Etiquette of Afternoon Tea
From Cup to Cup: A Short Historical Timeline of Afternoon Tea Drinking
The tradition of afternoon tea as a meal and social occasion has been around since the early 1800s, thanks to Ann Russell, the 7th Duchess of Bedford. However, the origin of tea-drinking can be traced to the 1640 . Although tea drinking has become inextricably linked with Englishness, indeed there is nothing less British than a cup of tea, given that tea is made from plants grown in China, India or Africa and usually sweetened by sugar from the Caribbean. It is in fact one of the extraordinary ironies of the British national identity.
the Tea-Drinking Queen
Potuguese and Dutch traders began importing tea from China to Europe in the early 1600's. However, it didn't arrive on British shores until the early 1660's. Initially tea in Europe was found only in apothecary shops and was an expensive commodity. In 1662, Charles II of England married Portuguese Princess Catherine of Braganza, who introduced tea to the English court. Both were confirmed tea drinkers, and they quickly helped spread tea culture to the upper echelons of society. Consuming tea became associated with royalty and the upper class. Even though the Chinese were finding tea delicious by the mid-seventeenth century, the teas brought to Europe from Asia were of inferior quality and taste, and most Europeans did not know how to brew them to extract the sweetest flavours. Thanks to Catherine of Braganza, she sought out the best teas available and taught the English ladies how to brew tea that was quite pleasurable to drink. Tea was taken green, without milk or sugar from handleless china bowls of blue and white porcelain. Her influence began to change attitudes to alcohol in an age when ladies as well as gentlemen, at all times of the day, stupefied their brains with ale and wine for the want of the more refined substitutes fo tea. Tea was taken green, without milk or sugar from handleless china bowls of blue and white porcelain, hot water poured onto the leaves from red-brown stoneware pots.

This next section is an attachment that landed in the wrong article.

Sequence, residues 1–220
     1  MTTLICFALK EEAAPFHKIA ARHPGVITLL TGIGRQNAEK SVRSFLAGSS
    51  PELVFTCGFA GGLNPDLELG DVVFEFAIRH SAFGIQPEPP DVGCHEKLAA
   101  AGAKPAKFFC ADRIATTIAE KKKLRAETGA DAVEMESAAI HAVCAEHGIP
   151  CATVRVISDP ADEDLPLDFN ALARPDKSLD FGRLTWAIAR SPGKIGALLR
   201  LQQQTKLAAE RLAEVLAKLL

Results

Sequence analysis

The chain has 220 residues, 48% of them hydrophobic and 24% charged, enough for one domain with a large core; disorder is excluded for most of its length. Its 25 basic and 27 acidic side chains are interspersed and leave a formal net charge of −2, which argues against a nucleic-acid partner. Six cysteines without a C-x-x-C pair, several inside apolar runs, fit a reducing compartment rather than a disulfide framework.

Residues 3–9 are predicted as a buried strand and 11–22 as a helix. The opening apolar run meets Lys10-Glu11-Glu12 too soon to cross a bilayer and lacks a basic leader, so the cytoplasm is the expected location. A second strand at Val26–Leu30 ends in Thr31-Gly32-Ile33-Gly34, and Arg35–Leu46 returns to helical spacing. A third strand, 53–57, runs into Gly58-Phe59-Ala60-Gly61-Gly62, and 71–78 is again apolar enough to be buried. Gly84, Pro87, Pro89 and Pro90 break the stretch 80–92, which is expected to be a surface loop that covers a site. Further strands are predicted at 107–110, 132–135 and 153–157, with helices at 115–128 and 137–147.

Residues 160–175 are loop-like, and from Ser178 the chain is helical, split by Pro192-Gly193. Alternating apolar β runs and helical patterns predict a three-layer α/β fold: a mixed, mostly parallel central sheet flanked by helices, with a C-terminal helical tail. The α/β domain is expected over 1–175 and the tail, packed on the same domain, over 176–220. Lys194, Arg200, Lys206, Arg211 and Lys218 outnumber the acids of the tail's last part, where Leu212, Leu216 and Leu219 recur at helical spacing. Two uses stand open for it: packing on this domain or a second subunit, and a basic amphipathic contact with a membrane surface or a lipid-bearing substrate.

With Anne Russell, tea became an afternoon meal and social event.
It is said that Anne Russell pioneered the idea of afternoon tea as a meal and a social event in 1840. Luncheon was a light meal taken around noon and dinner wasn’t served until 8 o’clock at night leaving a long gap between lunch and dinner. The Duchess would become rather peckish around four o'clock in the afternoon and asked that tea, bread and butter and cake be brought to her bedchamber. The afternoon snack gave her a much-needed energy boost and kept her energised until dinner. It soon became a popular pastime within her circle of friends, and the gatherings came out of the bedchamber and were moved to the drawing room and conservatories of the British aristocracy. As it gained in favour, so did it in respectability.